The Grim Ghost #1
Written by Tony Isabella and Stephen Susco
Art by Kelley Jones
Lettered by Richard Emms
Published by Atlas Comics/Ardden Entertainment
Review by David Pepose
After a strong start with Wulf, Atlas has suddenly been crushed under the weight of a sophomore slump. While Kelley Jones enthusiasts will likely see The Grim Ghost as another opportunity to see his distorted, nightmarish chops on display, the unvarnished reality is this book is confusing, frenetic, and surprisingly off-the-mark when you consider the talents on display here.
I guess the best way to describe this book is Spawn meets Deadman meets the Spectre. With that kind of pedigree, having Kelley Jones draw such a character -- a hulking, hooded beast riding upon an unnaturally taut steed -- could have been a sure-thing. Here's the problem -- focus. Tony Isabella and Stephen Susco go all over the place with this book, assaulting you with a first-page info-dump that doesn't quite work and then tearing ahead from there. There's a ton of action here, but the twists and turns come so fast that it's difficult to keep up.
Part of that is the assumption that we buy into the central premise -- but there's not enough groundwork done here to merit that belief. Instead of putting the spotlight on the Grim Ghost -- and for those of us who haven't read the original Atlas series, that should have been the main mission here -- we instead have a proxy character to focus on, a man named Michael who is trapped between the worlds of the living and the dead, who also has energy blast powers because he "grew up on sci-fi and superheroes." That alone is pretty cringe-worthy, and unfortunately, outside of the general high concept of "terrifying horseman," there isn't a lot to distinguish these characters outside of "good guy" and "bad guy."
The art is by and large the main appeal of this book -- but I give that praise with some real reservations. Kelley Jones can be a force of nature with his art style, with hulking anatomy, shadows cut with veins and folds, and distorted features that almost always turn into shrieks or sneers. Yet this book comes off as half-hearted with the art, as Jones brings a less-detailed, more cartoony look that will likely turn off people to his already-acquired taste. While the Grim Ghost himself looks properly menacing, even as his horse barrels ahead to the point of being airborne, others on that very same splash feel unfinished, with one woman's head looking, well, really unnatural. Michael, meanwhile, varies from cartoony and unblemished to being drenched in shadow and musculature. Jones has always had a knack for being inconsistent, but this feels pretty extreme here. I guess the real gist of what I'm saying here is -- I know Jones can do better. I've seen it.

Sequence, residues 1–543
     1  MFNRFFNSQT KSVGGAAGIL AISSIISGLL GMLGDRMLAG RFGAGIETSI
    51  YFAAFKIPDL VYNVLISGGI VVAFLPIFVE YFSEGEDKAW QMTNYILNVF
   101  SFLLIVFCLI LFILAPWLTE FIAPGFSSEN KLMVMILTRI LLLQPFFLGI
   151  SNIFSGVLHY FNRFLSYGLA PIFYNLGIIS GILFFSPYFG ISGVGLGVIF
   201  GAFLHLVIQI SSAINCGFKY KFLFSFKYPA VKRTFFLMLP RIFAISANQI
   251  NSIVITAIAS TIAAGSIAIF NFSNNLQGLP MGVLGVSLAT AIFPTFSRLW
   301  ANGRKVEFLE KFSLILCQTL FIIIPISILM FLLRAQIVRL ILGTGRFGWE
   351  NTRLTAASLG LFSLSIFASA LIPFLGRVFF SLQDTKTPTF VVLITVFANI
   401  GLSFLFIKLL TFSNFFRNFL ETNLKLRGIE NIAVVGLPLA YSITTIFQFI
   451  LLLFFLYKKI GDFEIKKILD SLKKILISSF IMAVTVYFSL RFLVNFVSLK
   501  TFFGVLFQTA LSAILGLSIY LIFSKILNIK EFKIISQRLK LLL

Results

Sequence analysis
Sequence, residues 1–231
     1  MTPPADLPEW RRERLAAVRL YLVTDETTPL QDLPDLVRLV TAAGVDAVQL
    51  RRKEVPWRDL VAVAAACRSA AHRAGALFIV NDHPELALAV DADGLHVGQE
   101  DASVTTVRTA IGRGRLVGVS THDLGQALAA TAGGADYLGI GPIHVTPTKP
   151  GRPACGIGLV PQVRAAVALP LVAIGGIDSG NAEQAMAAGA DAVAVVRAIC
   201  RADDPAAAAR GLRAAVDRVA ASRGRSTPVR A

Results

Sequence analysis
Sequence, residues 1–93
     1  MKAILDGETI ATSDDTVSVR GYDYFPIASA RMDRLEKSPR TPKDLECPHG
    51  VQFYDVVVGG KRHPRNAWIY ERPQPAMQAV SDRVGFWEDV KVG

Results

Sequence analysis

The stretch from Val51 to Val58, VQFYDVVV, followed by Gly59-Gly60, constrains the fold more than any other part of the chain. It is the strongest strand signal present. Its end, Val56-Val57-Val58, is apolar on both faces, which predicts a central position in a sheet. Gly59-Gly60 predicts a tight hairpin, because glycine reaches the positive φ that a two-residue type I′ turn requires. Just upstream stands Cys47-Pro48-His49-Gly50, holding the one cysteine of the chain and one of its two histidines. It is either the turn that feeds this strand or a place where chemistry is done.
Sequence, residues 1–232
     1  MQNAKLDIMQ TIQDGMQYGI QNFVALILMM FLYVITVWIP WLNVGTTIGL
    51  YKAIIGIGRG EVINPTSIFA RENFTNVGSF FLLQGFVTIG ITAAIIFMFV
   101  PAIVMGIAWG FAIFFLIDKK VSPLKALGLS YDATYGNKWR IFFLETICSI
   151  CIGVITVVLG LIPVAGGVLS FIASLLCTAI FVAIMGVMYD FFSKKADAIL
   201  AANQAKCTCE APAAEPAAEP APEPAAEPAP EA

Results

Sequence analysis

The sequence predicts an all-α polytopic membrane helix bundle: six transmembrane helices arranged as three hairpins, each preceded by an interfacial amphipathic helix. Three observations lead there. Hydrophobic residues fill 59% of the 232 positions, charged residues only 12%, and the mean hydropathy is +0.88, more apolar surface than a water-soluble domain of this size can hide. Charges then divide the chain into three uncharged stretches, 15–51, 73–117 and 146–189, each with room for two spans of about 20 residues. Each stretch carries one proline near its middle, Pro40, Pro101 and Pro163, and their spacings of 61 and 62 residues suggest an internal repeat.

Outside of a pretty strong twist on the last page, there's not a lot that really hooked me on The Grim Ghost, a shame considering the potential the concept seemed to have. But I think that this is a case of trying to pack too much into one comic, instead of streamlining your property to just the essentials. Unless you are a Kelley Jones completist, I don't know if there's a hook here. With inconsistent art and frustratingly frenetic plotting from the first page, The Grim Ghost is one resurrection that's far from graceful.